Within the week that it was announced, the new nation-wide minimum wage for farm workers triggered the start of a fundamental restructuring process in the agricultural sector. There are already signs that it is going to be a volatile and painful process that will suck in the retail and related sectors involved in the national food supply chain.
Barely two days after the minister of labour, Mildred Oliphant, announced on Monday last week that the minimum daily wage in the agriculture sector is to be increased from R69 to R105, it was reported that some farmers had already started procedures to reduce their workforce.
In response the Western Cape secretary of the Congress of South African Trade Unions (Cosatu),Tony Ehrenreich, immediately picked up on his “war talk” during the recent violent farm labour protest, warning that “bad farmers who now want to dismiss workers ... (should) get out of agriculture and out of the country”.
He also announced that “there will be protests in major retail stores on 27 February 2013,” claiming that “research has shown that retailers are setting ridiculously low prices for products that they buy from farms”.
Exposing the ad hoc-nature of the minister's announcement in reaction to the recent protests, the swiftness of the response by some farmers should not have come as a surprise. The hike in the minimum wage amounts to a 'sudden death' event for them since it comes into effect on March 1. It is in the middle of most farmers’ crop season for which cost/profit calculations have been done long ago.
If the farmers did not take immediate steps, they would have had to pay remuneration according to the new wage determination, resulting in additional unforeseen costs. It is also likely to have a knock-on effect on the remuneration for those workers above the minimum scale.
Farmers over recent years have had to contend with steeply rising fuel and electricity costs and increased water tariffs. They are also, like most other industries, facing the prospect of further steep Eskom electricity tariff increases in the near future.
The other side of the coin (and illustrating that a more holistic fundamental restructuring strategy for agriculture is needed) comes from recent research by the Bureau for Food and Agricultural Policy, released early in January. It found that even if workers received the minimum R150 per day, as originally demanded by them, it would not have been enough to ensure a nutritionally adequate diet.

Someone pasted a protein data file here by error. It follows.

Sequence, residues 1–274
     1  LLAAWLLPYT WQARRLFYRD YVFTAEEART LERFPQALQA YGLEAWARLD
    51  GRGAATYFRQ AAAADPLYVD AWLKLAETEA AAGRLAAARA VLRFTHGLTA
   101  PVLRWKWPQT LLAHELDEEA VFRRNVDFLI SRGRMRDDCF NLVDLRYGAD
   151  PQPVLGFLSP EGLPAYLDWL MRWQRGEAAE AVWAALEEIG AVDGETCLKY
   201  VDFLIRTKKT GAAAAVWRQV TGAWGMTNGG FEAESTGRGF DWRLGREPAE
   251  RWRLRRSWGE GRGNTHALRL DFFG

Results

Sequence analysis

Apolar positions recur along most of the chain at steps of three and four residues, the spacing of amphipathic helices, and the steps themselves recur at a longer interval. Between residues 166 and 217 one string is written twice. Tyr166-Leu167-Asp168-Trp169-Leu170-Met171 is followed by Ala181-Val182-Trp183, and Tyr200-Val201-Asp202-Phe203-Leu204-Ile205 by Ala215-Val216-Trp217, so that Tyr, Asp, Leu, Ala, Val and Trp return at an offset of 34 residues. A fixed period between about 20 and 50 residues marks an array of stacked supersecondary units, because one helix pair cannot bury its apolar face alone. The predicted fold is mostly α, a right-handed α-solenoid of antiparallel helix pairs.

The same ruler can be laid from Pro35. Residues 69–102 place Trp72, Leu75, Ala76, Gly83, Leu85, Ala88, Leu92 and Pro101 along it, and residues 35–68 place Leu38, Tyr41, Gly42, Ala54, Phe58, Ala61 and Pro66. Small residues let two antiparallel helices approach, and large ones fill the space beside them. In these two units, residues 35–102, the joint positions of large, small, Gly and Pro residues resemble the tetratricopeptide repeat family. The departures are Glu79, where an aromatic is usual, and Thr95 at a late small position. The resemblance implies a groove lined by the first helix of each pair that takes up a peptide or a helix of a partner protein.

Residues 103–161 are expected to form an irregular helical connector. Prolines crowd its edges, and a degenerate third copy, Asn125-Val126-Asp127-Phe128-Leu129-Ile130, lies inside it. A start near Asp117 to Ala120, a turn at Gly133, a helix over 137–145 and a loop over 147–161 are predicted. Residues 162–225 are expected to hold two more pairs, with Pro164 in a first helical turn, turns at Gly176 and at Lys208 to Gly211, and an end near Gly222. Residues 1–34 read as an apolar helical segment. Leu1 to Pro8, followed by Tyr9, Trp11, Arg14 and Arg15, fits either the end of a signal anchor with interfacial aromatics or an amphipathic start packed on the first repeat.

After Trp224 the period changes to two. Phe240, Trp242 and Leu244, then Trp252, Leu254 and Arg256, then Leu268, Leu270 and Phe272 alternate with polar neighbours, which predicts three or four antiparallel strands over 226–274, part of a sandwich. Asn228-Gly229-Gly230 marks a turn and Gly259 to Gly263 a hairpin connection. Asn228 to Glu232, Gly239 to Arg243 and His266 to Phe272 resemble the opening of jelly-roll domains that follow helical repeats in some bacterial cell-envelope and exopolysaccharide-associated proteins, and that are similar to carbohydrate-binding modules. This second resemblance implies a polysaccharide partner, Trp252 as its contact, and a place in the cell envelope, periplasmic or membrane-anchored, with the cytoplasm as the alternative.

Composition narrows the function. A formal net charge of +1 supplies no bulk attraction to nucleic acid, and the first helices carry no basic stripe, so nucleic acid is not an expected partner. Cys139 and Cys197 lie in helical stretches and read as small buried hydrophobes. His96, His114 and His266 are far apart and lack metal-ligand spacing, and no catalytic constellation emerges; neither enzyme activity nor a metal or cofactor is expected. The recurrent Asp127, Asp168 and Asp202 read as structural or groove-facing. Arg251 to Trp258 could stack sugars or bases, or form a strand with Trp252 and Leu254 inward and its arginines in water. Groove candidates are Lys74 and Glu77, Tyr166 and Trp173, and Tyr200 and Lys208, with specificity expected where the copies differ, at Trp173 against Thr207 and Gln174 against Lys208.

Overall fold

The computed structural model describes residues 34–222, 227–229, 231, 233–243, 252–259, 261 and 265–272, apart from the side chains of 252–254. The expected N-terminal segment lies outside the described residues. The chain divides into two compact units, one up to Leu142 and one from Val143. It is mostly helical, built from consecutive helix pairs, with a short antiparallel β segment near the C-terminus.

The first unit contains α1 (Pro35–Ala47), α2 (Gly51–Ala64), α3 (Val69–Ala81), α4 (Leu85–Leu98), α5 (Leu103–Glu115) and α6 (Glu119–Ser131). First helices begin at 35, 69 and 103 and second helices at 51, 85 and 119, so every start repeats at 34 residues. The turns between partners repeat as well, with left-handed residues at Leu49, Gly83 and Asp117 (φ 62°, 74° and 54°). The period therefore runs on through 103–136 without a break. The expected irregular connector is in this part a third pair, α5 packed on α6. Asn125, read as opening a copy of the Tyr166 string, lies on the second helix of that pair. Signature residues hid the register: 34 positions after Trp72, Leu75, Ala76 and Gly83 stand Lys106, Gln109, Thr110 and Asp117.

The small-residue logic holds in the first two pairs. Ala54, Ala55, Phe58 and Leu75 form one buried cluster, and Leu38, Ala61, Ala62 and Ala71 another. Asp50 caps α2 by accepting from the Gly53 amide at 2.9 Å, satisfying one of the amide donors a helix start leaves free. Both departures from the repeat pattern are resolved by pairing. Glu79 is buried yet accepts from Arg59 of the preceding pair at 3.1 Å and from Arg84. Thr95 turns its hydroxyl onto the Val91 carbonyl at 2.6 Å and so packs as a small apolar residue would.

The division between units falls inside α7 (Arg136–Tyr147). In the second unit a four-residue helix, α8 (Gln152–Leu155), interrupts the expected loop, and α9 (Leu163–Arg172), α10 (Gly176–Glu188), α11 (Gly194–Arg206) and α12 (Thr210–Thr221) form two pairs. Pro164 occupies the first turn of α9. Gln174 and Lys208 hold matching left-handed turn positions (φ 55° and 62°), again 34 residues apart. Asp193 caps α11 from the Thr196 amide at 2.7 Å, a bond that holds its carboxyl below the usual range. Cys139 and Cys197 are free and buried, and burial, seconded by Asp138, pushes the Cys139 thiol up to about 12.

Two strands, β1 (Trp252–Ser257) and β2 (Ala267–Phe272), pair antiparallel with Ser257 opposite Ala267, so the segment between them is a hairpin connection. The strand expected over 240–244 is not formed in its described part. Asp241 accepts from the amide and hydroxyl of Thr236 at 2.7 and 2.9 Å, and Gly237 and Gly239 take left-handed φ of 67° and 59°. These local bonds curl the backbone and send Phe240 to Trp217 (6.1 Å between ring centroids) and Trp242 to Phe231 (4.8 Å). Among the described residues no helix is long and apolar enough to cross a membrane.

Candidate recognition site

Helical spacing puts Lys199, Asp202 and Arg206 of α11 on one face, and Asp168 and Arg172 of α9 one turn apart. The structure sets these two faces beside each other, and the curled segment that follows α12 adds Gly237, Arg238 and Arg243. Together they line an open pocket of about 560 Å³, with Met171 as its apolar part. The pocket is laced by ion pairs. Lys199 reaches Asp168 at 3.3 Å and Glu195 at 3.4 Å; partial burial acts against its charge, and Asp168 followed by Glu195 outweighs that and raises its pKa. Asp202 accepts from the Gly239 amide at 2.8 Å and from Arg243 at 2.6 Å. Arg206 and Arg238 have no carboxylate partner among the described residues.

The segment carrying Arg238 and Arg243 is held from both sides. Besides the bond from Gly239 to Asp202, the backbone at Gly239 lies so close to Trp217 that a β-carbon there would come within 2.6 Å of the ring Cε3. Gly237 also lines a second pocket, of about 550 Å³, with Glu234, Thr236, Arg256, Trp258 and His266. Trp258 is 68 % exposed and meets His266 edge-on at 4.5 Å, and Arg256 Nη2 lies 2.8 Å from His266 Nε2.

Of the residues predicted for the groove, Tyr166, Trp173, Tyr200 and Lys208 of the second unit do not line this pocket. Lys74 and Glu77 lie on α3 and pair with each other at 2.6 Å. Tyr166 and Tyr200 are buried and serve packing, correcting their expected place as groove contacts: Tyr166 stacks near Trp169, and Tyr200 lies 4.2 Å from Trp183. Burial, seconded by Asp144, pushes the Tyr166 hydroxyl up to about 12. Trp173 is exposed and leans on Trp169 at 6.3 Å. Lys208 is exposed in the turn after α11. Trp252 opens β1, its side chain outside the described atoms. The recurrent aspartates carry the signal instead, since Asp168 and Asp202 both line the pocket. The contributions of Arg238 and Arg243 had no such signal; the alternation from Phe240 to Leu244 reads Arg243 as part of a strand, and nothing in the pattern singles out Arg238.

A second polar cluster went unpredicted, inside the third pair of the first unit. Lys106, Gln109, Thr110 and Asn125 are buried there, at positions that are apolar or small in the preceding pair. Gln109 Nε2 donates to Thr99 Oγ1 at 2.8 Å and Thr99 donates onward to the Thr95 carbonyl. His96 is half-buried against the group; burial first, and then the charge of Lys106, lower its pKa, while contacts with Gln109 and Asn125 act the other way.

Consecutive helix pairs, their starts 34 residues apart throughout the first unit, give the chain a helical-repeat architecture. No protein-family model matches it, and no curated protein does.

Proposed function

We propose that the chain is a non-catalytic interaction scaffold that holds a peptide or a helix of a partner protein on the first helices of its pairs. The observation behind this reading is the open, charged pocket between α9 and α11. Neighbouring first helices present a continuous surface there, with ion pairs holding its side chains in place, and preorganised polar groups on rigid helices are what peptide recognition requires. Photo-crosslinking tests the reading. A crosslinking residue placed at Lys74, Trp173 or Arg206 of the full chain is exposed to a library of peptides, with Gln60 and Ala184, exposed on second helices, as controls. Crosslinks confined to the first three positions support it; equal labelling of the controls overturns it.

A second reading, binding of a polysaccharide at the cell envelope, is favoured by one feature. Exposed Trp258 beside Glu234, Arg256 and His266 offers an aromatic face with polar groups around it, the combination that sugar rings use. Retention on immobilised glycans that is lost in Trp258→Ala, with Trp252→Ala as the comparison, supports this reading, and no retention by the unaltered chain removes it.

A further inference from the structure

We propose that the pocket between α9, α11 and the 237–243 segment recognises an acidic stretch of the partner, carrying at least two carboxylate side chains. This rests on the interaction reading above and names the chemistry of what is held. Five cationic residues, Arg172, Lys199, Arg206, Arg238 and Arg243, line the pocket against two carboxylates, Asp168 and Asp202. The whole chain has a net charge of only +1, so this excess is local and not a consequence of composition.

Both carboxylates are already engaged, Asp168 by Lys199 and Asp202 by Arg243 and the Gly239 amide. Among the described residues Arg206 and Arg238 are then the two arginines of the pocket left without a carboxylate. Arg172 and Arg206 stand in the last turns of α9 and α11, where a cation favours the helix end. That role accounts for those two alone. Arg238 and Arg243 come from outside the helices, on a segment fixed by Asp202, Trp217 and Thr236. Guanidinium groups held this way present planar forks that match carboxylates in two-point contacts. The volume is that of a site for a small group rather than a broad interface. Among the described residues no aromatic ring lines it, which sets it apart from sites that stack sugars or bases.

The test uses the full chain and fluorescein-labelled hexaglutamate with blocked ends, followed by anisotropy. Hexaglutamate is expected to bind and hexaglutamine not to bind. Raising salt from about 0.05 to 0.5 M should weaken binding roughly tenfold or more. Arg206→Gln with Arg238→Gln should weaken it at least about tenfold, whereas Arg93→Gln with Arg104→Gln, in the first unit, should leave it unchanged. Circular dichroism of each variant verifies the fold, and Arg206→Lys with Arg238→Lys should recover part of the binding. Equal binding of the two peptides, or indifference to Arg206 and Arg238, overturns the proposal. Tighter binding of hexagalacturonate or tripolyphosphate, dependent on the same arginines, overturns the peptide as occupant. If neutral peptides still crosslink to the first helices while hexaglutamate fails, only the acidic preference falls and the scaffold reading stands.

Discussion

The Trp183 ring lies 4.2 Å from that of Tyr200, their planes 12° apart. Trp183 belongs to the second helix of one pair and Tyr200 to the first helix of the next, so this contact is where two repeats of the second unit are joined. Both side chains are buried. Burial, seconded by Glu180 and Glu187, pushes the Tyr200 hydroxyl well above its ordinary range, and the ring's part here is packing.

At the same time it was also reported that the highest minimum wage affordable to the agricultural sector was in the order of R104, creating a classical dilemma.
What has now started to happen with employment in the sector seems to be at odds with the aims and strategies of the government’s own National Development Plan (NDP). The NDP envisions that agriculture can create an additional one million jobs by 2030.
The extent to which the present one-size-fits-all approach to agriculture, as encapsulated in the single minimum wage, fails to accommodate the full realities of the sector is illustrated by the fears that it will hit the smaller, emerging farmers the hardest. It is especially small and medium-size farmers, among whom are the majority of black farmers, who will not be able to afford the new minimum wage. This is likely to impact negatively on the agricultural transformation process.
From widely disparate quarters, from the deputy-minister of agriculture and leader of the Freedom Plus Party, Dr. Pieter Mulder, and Tony Ehrenreich of Cosatu to the Democratic Alliance, there seems to be a notion developing that the way out of this dilemma is government subsidies to the sector.
While one of the challenges that South African agriculture faces is the competition on international markets from other jurisdictions, notably the European Union (EU), it is also not a simple matter.
In the EU for instance agricultural subsidies comprise a massive €60 billion, or about 40%, of the entire EU budget in the present financial year. However, the sector generates less than 2% of the EU’s gross domestic product and, tellingly, accounts for less than 6% of employment opportunities.
As is often the case, these subsidies cause all sorts of distortions in the market and the whole system of agricultural subsidies is presently the subject of a fierce debate within the EU.
If ever there was a need for all stakeholders in the agricultural sector in South Africa to engage in a rational, thorough and well structured dialogue on the future of the sector, it is now. Without proper intervention the present situation could develop into a crisis not only involving the viability of the sector, but also threatening such fundamentals as food security and social stability.